Australia is introducing a new mandatory dairy industry code, in a move to help farmers negotiate a fair price for their products.
A mandatory dairy code of conduct was recommended following the ACCC’s 2018 dairy inquiry, which identified imbalances in power between processors and farmers.
ACCC deputy chair Mick Keogh said: “We also identified a lack of transparency in contract and pricing practices, limiting the ability of farmers to compare offers from different processors and hence reducing competition.”
“We concluded that a mandatory code was the best way to address these systemic industry problems, so we are pleased to see that this has become reality.”
The ACCC will be responsible for enforcing the code and it will come into effect from 1 January 2020.
According to Australia’s agriculture minister Bridget McKenzie, the code has been developed and negotiated by dairy farming organisations across its eight dairy regions and will support farmers across Australia.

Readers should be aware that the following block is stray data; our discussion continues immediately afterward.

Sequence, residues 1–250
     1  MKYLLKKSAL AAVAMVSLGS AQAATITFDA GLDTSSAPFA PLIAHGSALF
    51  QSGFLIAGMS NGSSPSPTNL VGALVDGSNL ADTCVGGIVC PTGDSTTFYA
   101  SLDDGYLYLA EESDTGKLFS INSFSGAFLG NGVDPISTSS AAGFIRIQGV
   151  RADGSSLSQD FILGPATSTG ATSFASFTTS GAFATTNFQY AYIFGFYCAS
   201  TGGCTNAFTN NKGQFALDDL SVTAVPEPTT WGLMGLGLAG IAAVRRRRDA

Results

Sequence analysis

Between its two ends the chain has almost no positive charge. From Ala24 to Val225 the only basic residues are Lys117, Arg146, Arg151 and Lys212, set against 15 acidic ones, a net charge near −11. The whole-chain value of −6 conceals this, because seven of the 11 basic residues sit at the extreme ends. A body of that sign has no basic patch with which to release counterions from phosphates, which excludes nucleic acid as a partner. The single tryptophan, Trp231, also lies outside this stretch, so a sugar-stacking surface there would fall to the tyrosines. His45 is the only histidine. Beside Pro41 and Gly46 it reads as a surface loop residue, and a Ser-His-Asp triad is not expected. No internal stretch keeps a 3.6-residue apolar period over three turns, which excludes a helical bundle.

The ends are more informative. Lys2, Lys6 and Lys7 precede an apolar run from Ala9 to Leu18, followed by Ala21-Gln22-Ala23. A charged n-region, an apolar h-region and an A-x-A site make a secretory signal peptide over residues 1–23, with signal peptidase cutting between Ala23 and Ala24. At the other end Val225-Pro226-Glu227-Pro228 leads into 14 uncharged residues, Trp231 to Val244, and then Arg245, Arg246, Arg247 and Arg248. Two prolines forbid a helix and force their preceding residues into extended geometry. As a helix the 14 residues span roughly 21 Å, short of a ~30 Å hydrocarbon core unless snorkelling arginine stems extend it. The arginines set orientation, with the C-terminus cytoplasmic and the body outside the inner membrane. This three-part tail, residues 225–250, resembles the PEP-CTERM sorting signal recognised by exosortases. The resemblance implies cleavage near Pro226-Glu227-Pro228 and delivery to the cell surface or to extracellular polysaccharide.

McKenzie said: “In line with feedback received from dairy farmers the code prohibits retrospective pricing step downs.
“It also prevents unilateral changes except in a narrowly defined set of emergency circumstances; it stops processors withholding loyalty payments from farmers who are changing processor; and it prohibits exclusive supply arrangements where other conditions would be to the detriment of dairy farmers.”
Due to other pressures on Australia’s dairy farmers, McKenzie stated that grants will become available to reduce fairy farmer energy costs, while farmers will be provided with legal advice and farm cooperatives will be set up.
Following 12 months of the code’s establishment, a review of its impact will take place.
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